March 04, 2006


Isn't technology great!?!?!

Well, yes & no.
As long as it is used 'in moderation' and you control it & not let it control you.

The use of computers and the like has just exploded in the last 25 years. I remember in college in my Comp Sci classes how it was nessecary to map out a program (fortunately these first "programs" were ones assigned by the Prof - who knows how long it would have taken to "think up" our own!] [that was, of course, until we figured out how to do the stuff; then we became dangerous with it, 'thinking up our own'!] on graph paper, then feed the info into a card punch machine, have the cards punched, run the punched cards through a reader, test the program to verify if it did what I programmed the computer to do (usually something really "simple" & stupid like make a 14-inch by 6-foot 'banner', printed off on a noisey, monster line printer that would continually jam or need the ink ribbon replaced, which read: "Happy Birthday!", in big 12-inch letters made from the corresponding letter as the 'pixels', I guess, [you know, the "H" was an image made from a bunch of little H's, the "a" from a bunch of little a's, etc.] and a trailing "image" of Mickey Mouse [how appopriate!] or similar animated cartoon character's face & head made from a bunch of little 'profanty' text [i.e. !, @, #, $, %, ^, &, *, ..... ]. Of course it never worked right the first try. This required the "debugging procedure" (you know, as part of "the learning process" - what a pain!). After spending 2 hours in the comp lab just to get to this point, it was entirely possible to spend the next 6 hours to 2 weeks just 'debugging'! Every graphed line had to be checked, every one of the 500 or so punch cards had to be examined & verified - matched to the correct line, punched in the right holes, read correctly & in the right order ... (Oh! And never, never, never drop your punch cards! It can take hours to sort them back into the right order - provided you took the time to number them in the first place. If not, start over!). When it was time to give up (this "simple" assignment was due for mid-term - remember? 6-weeks ago?), the class whiz (now days called "geek") was called and, just for the joy of solving a computer challenge, would fix the problem in about 10 minutes so you could move on to the next assignment, (a more complex "program" - write a procedure to solve some common math problem [like balance a check book] that was due for finals & counted as 1/3 of the grade). More then likely, a half-dozen or so of the non-whizzes (i.e. "ungeeked") would pool their efforts 'til someone stumbled on the solution and sell duplicate punch cards (minus the "author" line, to be supplied by the buyer) in order to pass the course. Truly something was learned in the course: Econ 101 in action - supply & demand; and Business 100 - the free enterprise system! All-in-all, we did manage to learn some computer skills, too. (Even if it became archaic in less than a year due to the speed which the technology was improving!)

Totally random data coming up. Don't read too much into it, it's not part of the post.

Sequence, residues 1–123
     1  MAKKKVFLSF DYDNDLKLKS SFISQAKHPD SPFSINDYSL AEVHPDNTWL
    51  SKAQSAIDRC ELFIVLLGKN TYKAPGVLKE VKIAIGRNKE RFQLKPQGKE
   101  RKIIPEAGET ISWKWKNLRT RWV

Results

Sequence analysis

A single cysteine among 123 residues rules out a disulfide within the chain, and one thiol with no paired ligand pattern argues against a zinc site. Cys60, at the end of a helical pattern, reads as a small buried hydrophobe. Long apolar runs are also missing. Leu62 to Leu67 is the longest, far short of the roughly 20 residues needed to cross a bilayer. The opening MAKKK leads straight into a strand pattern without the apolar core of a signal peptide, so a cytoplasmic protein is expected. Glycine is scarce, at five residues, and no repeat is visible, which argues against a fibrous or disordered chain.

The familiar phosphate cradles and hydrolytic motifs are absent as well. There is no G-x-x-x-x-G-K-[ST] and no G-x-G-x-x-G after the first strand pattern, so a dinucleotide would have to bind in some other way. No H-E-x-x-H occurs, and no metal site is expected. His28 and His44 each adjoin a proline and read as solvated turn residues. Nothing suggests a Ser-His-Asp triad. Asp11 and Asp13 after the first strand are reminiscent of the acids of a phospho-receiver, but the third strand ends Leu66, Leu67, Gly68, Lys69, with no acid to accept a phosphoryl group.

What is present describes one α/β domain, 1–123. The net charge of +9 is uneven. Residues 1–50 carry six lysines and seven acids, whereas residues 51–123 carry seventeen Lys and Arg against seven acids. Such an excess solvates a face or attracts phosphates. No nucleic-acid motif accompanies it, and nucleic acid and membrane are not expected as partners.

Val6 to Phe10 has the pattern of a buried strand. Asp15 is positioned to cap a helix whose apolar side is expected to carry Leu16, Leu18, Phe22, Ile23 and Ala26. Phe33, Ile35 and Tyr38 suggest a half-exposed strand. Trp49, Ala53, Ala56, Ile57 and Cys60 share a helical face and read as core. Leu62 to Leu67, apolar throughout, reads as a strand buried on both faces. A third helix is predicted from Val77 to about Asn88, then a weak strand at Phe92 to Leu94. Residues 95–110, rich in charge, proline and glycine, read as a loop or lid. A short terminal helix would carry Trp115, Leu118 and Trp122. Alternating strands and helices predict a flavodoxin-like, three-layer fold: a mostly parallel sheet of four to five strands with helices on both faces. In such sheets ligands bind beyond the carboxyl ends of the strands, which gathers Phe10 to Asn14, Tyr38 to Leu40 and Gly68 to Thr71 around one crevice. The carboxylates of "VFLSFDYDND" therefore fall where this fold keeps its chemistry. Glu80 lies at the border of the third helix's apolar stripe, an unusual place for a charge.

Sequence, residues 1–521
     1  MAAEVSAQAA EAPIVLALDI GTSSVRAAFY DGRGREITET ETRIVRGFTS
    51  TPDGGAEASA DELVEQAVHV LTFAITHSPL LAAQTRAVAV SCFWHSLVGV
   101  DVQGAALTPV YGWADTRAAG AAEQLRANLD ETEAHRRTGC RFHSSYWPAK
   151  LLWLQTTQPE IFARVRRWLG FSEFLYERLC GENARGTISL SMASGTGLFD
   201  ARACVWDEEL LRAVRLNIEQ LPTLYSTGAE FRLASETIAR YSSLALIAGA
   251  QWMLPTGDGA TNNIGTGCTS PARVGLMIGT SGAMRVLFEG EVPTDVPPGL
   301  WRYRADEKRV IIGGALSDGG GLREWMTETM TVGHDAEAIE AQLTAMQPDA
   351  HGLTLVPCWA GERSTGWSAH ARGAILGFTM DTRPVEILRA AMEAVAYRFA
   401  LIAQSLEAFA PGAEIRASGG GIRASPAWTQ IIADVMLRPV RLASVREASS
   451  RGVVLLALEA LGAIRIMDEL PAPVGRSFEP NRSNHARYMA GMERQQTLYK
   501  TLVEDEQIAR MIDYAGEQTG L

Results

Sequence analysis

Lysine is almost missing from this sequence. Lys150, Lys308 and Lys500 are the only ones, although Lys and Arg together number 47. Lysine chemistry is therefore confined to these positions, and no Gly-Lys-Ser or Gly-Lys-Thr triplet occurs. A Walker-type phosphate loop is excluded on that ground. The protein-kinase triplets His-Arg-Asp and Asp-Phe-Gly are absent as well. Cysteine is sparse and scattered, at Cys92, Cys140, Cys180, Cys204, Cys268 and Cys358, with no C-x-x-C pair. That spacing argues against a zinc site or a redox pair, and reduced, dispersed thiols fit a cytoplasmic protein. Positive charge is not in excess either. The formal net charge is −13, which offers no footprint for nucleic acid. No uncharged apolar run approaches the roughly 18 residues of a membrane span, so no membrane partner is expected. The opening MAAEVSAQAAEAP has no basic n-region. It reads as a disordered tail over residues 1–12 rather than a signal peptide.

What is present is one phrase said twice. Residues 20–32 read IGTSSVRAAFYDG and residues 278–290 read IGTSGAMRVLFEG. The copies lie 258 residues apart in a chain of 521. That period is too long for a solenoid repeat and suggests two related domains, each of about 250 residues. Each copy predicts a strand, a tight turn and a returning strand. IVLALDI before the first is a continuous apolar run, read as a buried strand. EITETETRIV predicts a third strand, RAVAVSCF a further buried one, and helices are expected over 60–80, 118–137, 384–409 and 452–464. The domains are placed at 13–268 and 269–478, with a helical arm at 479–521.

Ahhhhh, technology. So much of that mundane stuff is now able to be taken care of for you that I'm thankful the best skill now is being able to "keyboard" (called 'typing' when I was in High School - "Thanks" Mr. H, my Typing I & II teacher, you 'ol wind bag!). That and having offspring that are computer whizzes! ("Thanks!" JNH, my eldest.) While my typ ... er, keyboarding is rusty, it is improving with practice. (Now if only I were a better spiller, I mean speler, I mean speller.)

And "Thanks!" (I think ... ) to Coach & Roug for my initial online chat session last night. Good time and good friends! Let's do it again ('in moderation', of course).

Comments: Post a Comment

Links to this post:

Create a Link

<< Home

This page is powered by Blogger. Isn't yours?

eXTReMe Tracker